UN officials openly admit that now everything that matters is within the 1,500 km range of the Houthis’ new UAV-X drone: oil fields in Saudi Arabia, a still-under-construction nuclear power plant in the Emirates and Dubai’s mega-airport.

My conversations with sources in Tehran over the past two years have ascertained that the Houthis’ new drones and missiles are essentially copies of Iranian designs assembled in Yemen itself with crucial help from Hezbollah engineers.

US intel insists that 17 drones and cruise missiles were launched in combination from southern Iran. In theory, Patriot radar would have picked that up and knocked the drones/missiles from the sky. So far, absolutely no record of this trajectory has been revealed. Military experts generally agree that the radar on the Patriot missile is good, but its success rate is “disputed” – to say the least. What’s important, once again, is that the Houthis do have advanced offensive missiles. And their pinpoint accuracy at Abqaiq was uncanny.

This satellite overview handout image shows damage to oil/gas infrastructure from weekend drone attacks at Abqaiq in Saudi Arabia. Courtesy of Planet Labs Inc

For now, it appears that the winner of the US/UK-supported House of One Saudi war on the civilian Yemeni population, which started in March 2015 and generated a humanitarian crisis the UN regards as having been of biblical proportions, is certainly not the crown prince, widely known as MBS.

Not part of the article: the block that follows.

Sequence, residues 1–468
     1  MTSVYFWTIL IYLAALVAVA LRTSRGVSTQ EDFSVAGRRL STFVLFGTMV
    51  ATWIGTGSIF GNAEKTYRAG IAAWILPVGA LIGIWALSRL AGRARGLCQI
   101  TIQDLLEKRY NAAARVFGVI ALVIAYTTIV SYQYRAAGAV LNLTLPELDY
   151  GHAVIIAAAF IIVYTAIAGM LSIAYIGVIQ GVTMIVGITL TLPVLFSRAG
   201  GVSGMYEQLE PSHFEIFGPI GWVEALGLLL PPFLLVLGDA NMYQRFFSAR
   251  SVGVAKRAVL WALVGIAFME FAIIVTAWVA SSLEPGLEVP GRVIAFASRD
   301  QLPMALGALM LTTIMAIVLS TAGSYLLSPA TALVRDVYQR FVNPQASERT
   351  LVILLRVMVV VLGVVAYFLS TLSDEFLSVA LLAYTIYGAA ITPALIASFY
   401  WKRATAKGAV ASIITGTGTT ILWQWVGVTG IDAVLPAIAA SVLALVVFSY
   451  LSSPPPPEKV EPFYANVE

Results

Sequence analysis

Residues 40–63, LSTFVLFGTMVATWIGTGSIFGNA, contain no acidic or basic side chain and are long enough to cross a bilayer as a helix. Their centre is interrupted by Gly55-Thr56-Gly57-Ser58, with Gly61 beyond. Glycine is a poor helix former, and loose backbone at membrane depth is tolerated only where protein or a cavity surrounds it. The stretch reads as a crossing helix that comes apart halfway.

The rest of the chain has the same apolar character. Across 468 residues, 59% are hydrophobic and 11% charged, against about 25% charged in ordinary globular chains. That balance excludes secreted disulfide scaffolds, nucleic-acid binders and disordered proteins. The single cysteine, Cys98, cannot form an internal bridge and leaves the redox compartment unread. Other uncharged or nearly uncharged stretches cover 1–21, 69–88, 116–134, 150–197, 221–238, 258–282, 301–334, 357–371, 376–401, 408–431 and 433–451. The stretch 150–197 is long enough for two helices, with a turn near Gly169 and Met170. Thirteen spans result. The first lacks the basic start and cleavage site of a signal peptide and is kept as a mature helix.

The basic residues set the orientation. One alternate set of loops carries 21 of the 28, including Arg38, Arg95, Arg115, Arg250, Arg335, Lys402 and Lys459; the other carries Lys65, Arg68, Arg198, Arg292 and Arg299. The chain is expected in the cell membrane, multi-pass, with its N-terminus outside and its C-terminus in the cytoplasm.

Listen to the general

Crude oil stabilization towers – several of them – at Abqaiq were specifically targeted, along with natural gas storage tanks. Persian Gulf energy sources have been telling me repairs and/or rebuilding could last months. Even Riyadh  admitted as much.

Blindly blaming Iran, with no evidence, does not cut it. Tehran can count on swarms of top strategic thinkers. They do not need or want to blow up Southwest Asia, which is something they could do, by the way: Revolutionary Guards generals have already said many times on the record that they are ready for war.

Professor Mohammad Marandi from the University of Tehran, who has very close relations with the Foreign Ministry, is adamant: “It didn’t come from Iran. If it did, it would be very embarrassing for the Americans, showing they are unable to detect a large number of Iranian drones and missiles. That doesn’t make sense.”

Marandi additionally stresses, “Saudi air defenses are not equipped to defend the country from Yemen but from Iran. The Yemenis have been striking against the Saudis, they are getting better and better, developing drone and missile technology for four and a half years, and this was a very soft target.”

A soft – and unprotected – target: the US PAC-2 and PAC-3 systems in place are all oriented towards the east, in the direction of Iran. Neither Washington nor Riyadh knows for sure where the drone swarm/missiles really came from.

Readers should pay close attention to this groundbreaking interview with General Amir Ali Hajizadeh, the commander of the Islamic Revolutionary Guard Corps Aerospace Force. The interview, in Farsi (with English subtitles), was conducted by US-sanctioned Iranian intellectual Nader Talebzadeh and includes questions forwarded by my US analyst friends Phil Giraldi and Michael Maloof and myself.